Two schools, one program: Mickelson collaborates on art program
Everybody learns differently.
Emma Mickelson is busy providing the tools necessary for all types of learning.
Mickelson, a third grade teacher at Washington Elementary School in Jamestown, has partnered with Lynette Ryan of Louis L'Amour Elementary to petition the North Dakota Council on the Arts for an Arts in Education Collaboration (AIEC) grant. The two schools have collaborated on the AIEC grant for the past four years. The most recent grant was submitted on April 1.
"Our grant specifically is working on bringing high-quality art materials into both Washington and Louis L'Amour and working to provide resources for teachers to use those art materials," Mickelson said. "For instance, last year we collaborated with the Jamestown Art(s) Center and used their artist in residence - Linda Roesch's expertise and provided what we called 'art hours' for teachers after school."
Last year from 3 to 4 p.m. teachers learned different artistic skills from Roesch to share in the classroom. The educators learned techniques with watercolor, oil pastel, weaving and printmaking. Mickelson said the variety of projects made available by the grant money has helped broaden students' ways of learning.
"I think art has multiple roles to play," Mickelson said. "Sometimes it is more of that supporting role ... I have also learned throughout this grant that art is also a standalone thing. It doesn't always have to be integrated, it is worthy of being taught to kids in its true form as well."
Mickelson said in-person art hours helped the teachers to know what materials were available and encouraged educators to use an art lesson in the classroom. Art hours have since been moved online due to conflicts with other engagements. This school year, on the online portal, teachers are able to post art teaching resources. Roesch also gave Mickelson permission to use a series of her YouTube channel videos.
"Everybody has different strengths and different skillsets," said Phyllis Clemens, Washington Elementary principal. "It allows kids to explore some of those more creative sides and to be able to visualize and envision other aspects of their learning."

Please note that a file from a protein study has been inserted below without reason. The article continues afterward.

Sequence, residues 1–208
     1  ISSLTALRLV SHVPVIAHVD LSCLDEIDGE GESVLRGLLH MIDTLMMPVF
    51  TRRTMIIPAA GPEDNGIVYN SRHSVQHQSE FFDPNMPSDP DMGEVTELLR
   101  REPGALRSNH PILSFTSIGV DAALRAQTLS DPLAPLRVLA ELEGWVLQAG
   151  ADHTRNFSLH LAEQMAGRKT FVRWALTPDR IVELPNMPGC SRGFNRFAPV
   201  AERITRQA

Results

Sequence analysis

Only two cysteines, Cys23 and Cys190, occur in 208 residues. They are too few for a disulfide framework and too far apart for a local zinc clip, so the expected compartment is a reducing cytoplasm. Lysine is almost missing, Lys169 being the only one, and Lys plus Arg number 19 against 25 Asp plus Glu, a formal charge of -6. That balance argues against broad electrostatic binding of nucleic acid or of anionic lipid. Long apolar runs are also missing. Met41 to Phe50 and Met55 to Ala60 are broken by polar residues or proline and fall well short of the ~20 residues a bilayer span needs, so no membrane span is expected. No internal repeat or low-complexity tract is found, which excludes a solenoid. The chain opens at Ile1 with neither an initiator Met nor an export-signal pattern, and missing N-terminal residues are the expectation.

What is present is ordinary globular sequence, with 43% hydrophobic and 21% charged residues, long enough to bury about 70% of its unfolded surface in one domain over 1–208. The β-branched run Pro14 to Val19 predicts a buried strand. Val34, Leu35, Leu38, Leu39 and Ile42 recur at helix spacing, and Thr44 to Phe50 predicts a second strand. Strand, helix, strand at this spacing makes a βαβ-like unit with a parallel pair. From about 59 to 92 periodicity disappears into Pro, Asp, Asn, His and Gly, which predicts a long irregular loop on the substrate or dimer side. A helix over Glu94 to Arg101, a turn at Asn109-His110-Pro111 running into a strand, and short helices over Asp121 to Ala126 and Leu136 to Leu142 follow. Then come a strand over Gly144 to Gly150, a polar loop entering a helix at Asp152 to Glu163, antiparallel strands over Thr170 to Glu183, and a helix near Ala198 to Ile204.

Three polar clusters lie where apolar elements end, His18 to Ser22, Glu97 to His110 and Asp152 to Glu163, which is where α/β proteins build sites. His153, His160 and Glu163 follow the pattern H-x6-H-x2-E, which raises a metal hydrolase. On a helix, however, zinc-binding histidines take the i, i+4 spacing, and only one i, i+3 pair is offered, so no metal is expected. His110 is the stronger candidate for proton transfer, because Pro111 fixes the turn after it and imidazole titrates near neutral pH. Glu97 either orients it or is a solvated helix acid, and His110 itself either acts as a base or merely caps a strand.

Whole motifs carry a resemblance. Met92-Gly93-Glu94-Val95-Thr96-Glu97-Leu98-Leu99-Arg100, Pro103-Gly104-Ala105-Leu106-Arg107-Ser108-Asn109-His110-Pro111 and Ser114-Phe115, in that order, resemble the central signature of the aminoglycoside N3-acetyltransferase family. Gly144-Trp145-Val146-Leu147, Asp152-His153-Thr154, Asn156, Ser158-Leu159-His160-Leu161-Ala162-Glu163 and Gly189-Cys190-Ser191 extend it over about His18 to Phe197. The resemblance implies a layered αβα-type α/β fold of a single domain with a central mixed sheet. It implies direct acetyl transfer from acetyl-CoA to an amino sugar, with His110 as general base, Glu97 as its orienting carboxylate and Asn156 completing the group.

It is a different kind of subject but it is another way to understand different learning styles and abilities. Clemens said a couple of years ago Mickelson was one of several teachers in the district who participated in academic literacy and technique training. The training recognized different learning styles and Clemens said the third grade teacher has been masterful at implementing the strategies in her classroom.
"By having a variety of strategies to use, you're able to get through to a greater number of students because it's not everybody learning the same way," Clemens said of Mickelson's technique. "(She) takes into account different learning styles and different needs and help scaffold learning for a wide range of students."
Mickelson has been in a classroom of 8- and 9-year-olds at Washington Elementary for seven years. An education graduate from St. Catherine University in St. Paul, Minnesota, Mickelson has been in the Jamestown Public School District for her entire 10-year career. In that time she has found some ways to make learning - whether art, science or math - stick.
"Emma is very creative, very organized, and she works really diligently to let kids know what it is they need to do," Clemens said. "She sets very clear expectations but within that, she has built a structure that allows them some freedom and to have some choice as to when they are going to complete the things that they need to get done. She's good at giving them ownership of their learning and that has, I think, been quite successful."
Mickelson said she loves participating in the arts program with her kids but every day is an adventure in her third grade classroom. She said one of the things she loves most about teaching is discovering new things with the students.
"You plan the lesson but you can't always plan for everything," Mickelson said matter-of-factly. "I find it very fascinating how (students) grab on to new information or how they interpret it, use it. They are surprising, it reminds you that there are lots of different ways of looking at things. It keeps me on my toes."
Art may be one thing that can have many perspectives and lines can become blurred. One thing is clear, Mickelson is passionate about the program and is one of several educators who take the implementation of art seriously in the classroom.
"Once she becomes well versed in something, she embraces it and kind of takes it to the max, and makes sure that she implements things with fidelity," Clemens said. "I think that's a key is her doing things with fidelity."